Monday, August 12, 2013

Open Pores

I introduced myself to Tom at the 1992 MWA Edgar Awards Dinner. I’d read Dark Maze and believed it the best crime novel of the year, so I brought it to the dinner for Tom’s autograph. It got the Edgar and I made a friend. Ten years later, Tom was in L.A. waiting to be discovered when he persuaded his buddy, the late David Mills, to buy our pilot script, ‘The System,’ for Aaron Spelling-TV Productions. That got us two free weekends in Hollywood working with Mills in his trailer on the set of his then ill-starred ‘King Pins,’ a gory Mexican cartel melodrama, as we revised and blackboarded our script. Spelling flew us from NYC to the Coast First Class. On arrival, the agent Tom had arranged as our representation said words to us I’ll never forget. “You’re hot in this town,” she said.

In the end, NBC passed on filming our opus, and flew us back home—Coach. We’d cooled.

Robert Knightly

Thus begins a fog-bound Thursday in the life of Yours Truly, mystery writer of yore:

I awake, scratch myself, consider the merits of shaving (or not), drink up the newspapers and a pot of coffee, wonder where I might find a spot of cash, decide who among the people in my head are quick or dead, and wonder about a cryptic e-mail.

A decade ago, my place in the demimonde of crime literature, as I prefer to call the noble genre, still flickered, if weakly. Two decades ago, I established myself in that world on the wonderful April evening of ’92, when I collected an Edgar Allan Poe Award. Now in the year 2013, you have likely never heard of me. My last crime novel, Grief Street, was released in 1997. Its forerunners—Sea of Green, Dark Maze, Thrown-Away Child, Drown All the Dogs, and Devil’s Heaven—have been promoted to Glory, to employ the Salvation Army eulogy. There are two ways of looking at this: negatively, or positively. Which is to say, Nothing recedes like success—or, To everything there is a season.

My comrades in the writing dodge—scriveners like me, whose claims to fame are now mainly down the drain—frequently blame publishers for their plight. (To be sure, publishers deserve a measure of ill repute. As a species, they are unlovely, possessing all the imagination, romance, and élan of—pigeons. Yet they are not so beautiful against the sky.) But just as often, and to their great credit, my comrades recognize a time to move on.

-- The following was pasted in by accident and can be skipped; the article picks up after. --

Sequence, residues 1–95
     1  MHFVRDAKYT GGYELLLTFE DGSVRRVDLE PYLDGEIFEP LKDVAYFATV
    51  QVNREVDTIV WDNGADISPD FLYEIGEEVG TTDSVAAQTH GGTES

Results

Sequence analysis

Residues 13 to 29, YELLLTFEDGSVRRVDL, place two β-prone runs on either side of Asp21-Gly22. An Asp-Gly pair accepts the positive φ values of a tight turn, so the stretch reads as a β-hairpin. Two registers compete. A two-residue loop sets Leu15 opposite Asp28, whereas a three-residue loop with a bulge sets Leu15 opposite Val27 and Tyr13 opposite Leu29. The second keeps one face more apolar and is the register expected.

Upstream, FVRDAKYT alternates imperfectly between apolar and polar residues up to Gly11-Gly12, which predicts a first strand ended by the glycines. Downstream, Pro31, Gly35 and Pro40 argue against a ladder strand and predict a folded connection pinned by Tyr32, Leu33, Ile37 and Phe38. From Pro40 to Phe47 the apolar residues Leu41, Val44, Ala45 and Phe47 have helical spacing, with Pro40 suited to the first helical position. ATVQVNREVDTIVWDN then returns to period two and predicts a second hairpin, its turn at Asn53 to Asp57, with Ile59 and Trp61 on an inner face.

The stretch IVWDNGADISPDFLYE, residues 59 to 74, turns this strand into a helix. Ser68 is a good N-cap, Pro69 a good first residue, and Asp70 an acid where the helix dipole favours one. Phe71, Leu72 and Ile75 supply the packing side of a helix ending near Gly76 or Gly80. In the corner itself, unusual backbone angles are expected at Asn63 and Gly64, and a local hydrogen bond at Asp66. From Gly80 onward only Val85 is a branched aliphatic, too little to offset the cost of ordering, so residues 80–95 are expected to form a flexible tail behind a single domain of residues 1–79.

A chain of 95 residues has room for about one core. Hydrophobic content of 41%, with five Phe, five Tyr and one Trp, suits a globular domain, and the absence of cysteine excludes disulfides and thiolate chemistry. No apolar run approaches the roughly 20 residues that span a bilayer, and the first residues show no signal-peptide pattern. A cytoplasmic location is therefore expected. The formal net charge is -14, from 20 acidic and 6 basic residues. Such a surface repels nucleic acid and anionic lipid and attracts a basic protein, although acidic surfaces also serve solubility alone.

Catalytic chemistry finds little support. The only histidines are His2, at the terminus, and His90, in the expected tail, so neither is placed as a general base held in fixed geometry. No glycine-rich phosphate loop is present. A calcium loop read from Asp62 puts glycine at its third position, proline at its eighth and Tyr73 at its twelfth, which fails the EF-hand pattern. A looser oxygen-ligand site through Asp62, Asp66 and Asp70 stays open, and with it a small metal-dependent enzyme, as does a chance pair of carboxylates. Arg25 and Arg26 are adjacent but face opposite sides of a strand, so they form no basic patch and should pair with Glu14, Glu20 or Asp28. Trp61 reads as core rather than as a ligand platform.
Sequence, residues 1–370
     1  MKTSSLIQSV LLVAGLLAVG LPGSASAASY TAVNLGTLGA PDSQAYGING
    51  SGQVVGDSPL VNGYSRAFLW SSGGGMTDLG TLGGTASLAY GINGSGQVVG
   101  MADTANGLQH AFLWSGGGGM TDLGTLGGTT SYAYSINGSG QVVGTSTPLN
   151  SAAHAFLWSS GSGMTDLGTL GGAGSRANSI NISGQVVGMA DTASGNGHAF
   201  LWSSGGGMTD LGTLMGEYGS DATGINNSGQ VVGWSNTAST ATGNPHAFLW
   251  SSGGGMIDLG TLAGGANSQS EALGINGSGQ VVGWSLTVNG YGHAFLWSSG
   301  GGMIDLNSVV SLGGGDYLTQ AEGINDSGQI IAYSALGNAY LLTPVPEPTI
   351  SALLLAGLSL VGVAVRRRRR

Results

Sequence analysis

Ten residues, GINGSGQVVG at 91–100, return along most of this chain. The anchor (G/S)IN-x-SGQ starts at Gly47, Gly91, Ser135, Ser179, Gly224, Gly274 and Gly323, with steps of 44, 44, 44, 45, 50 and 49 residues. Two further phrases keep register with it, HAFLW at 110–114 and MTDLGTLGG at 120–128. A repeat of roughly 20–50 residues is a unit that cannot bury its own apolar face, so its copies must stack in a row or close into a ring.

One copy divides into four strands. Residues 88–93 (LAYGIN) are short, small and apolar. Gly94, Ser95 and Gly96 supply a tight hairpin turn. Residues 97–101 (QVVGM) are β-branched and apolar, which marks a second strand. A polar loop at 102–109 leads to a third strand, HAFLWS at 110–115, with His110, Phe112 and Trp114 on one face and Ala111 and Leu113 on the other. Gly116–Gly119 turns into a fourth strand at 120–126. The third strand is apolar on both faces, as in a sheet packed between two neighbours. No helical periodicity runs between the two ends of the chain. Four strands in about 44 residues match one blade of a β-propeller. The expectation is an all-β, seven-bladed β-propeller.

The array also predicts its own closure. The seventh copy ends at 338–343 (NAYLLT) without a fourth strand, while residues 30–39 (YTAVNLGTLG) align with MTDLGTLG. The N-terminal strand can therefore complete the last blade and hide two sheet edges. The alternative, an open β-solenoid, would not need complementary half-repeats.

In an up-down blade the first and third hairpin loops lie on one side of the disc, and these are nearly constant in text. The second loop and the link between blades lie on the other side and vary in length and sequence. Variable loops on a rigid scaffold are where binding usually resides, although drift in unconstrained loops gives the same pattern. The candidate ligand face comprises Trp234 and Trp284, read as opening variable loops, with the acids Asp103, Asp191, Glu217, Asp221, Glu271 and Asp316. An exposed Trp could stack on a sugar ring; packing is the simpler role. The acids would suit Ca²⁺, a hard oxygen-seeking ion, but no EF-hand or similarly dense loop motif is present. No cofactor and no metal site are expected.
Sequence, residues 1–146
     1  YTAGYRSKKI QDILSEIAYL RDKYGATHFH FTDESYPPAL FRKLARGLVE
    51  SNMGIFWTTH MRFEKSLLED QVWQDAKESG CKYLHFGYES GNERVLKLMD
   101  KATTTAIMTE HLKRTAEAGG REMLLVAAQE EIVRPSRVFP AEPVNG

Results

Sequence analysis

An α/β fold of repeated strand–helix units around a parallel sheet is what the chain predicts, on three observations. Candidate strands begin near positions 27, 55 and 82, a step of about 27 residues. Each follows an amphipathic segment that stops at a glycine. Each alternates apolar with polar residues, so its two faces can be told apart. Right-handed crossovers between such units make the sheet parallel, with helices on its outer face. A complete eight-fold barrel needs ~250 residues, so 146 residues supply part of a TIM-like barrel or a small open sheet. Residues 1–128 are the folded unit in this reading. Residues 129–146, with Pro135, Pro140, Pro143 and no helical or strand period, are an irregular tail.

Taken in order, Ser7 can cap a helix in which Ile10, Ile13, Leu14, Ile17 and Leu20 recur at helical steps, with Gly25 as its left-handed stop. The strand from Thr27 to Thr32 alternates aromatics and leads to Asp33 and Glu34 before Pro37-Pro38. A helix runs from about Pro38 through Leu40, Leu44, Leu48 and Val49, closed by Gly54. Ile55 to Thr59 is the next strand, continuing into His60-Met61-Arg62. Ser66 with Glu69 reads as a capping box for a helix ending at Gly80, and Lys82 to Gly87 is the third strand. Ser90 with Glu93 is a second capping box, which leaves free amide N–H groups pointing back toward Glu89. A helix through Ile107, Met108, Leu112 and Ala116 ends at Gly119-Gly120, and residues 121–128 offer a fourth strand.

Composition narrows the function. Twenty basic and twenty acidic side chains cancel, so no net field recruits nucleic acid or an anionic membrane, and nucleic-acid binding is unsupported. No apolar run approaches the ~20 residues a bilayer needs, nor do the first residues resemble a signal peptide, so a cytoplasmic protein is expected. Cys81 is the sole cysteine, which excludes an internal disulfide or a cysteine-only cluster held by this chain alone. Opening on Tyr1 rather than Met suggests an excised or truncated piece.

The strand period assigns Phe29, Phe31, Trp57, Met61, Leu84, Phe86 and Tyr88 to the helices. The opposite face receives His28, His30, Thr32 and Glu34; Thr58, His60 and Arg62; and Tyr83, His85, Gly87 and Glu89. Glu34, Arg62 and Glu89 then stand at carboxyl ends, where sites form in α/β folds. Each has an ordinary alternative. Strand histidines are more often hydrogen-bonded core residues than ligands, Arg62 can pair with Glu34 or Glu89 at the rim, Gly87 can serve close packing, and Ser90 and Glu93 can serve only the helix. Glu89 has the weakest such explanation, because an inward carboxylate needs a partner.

A few of us, having moved on and aged with some degree of grace, harbor the hope of one more of life’s rewards before we croak—perhaps one more book that we may set upon the brag shelf. Such is how it is with me.

Presently, I compose essays for a daily online journal of literature, music, and politics—the Berlin-based CulturMag. My usual dateline is “New York, near America,” and my stuff usually involves the absurd behavior of a fading empire. I am a foreign correspondent in my own country. Besides this, I slowly labor toward completion of Lovers & Corpses, which I think of as a novel with murder. The book involves a minimum of shaving, what my German colleagues call Gesäß aus Eisen (buttocks of iron), and a number of choices regarding who shall live to tell a tale and who shall die trying—and more importantly, why.

The tale concerns a burned-out cop who evolved as a burned-out journalist. Since I came within inches of becoming a cop as a young man, I am able to imagine myself as the former character. And having spent several decades in American corporate media, I know whereof I speak as regards the latter.

Should Lovers and Corpses sound rather downbeat, I hasten to add my happiness on discovering that I retain the Writer’s Soul: still, I have need of fiction’s ingredients—a cast of characters, a ripping plot, an alter ego—to sort through the chapters of my own true life.

Good cops, good journalists, and good writers walk around with their pores open. That way, everything gets under the skin. Most people don’t like feeling itchy all the time; as mentioned, though, I scratch a lot. In true life, things much stranger than fiction will occur. This very drab Thursday morning, for instance, I opened an e-mail message under the subject line, “GET BACK TO ME ASAP.” It reads, word for mangled word—(and I swear, I am not making this up):

…Someone you call a friend wants you dead by any means and the person have spent a lot of money on this. The person also came to us and told me that he want you dead and he provided us with your name, picture, and other necessary informations we needed about you. So I sent my boys to track you down and they have carried out the necessary investigation needed for the operation on you, and they have done that but I told them not to kill you that I will like to contact you and see if your life is important to you or not since their findings show that you are innocent…

If Lovers & Corpses ever sees the light of a publication day, and should you be willing to plunk down twenty-five dollars or so for your very own copy, you will recognize the foregoing as an excerpt from a larger fulmination of menace.

And know that beyond the obvious grift, the e-mailer’s lie could be a truth somewhere in time.

Thomas Adcock


  1. Though I'm not familiar with his work, now I plan to read his novels - very interesting man. I think there are always roads that open up - and will keep fingers crossed that your TV enterprise opens a new road to top success! Thelma

  2. I've ordered Dark Maze and look forward to getting it from Abe Books. tjs

  3. What great premise, Tom. I await the finished story. The voice is still STRONG,, Welcome to our little show!